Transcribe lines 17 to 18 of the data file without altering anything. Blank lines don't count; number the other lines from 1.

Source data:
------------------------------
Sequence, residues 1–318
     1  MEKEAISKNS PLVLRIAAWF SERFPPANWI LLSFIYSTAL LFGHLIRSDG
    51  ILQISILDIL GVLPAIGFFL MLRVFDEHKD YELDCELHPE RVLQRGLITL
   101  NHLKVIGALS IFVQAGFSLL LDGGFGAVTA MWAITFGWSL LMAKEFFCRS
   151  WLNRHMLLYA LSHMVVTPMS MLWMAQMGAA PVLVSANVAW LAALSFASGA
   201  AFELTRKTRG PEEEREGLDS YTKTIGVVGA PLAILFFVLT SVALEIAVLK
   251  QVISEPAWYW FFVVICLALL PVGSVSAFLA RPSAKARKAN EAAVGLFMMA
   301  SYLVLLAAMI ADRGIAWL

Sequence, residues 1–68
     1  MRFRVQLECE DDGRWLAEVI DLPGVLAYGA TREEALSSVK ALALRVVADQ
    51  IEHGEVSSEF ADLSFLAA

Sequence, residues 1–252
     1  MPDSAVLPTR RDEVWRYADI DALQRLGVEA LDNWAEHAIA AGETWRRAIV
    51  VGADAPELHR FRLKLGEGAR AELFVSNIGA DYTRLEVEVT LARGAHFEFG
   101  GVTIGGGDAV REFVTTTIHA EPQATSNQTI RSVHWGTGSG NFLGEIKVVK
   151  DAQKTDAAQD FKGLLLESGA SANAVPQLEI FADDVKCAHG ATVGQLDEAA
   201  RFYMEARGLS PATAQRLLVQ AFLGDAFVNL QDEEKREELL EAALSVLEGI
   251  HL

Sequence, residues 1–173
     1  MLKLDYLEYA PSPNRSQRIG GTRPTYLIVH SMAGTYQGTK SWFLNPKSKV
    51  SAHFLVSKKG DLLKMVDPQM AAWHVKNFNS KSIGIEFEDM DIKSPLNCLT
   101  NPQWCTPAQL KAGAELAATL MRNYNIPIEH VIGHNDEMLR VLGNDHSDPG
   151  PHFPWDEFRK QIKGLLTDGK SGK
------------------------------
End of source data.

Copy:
   201  RFYMEARGLS PATAQRLLVQ AFLGDAFVNL QDEEKREELL EAALSVLEGI
   251  HL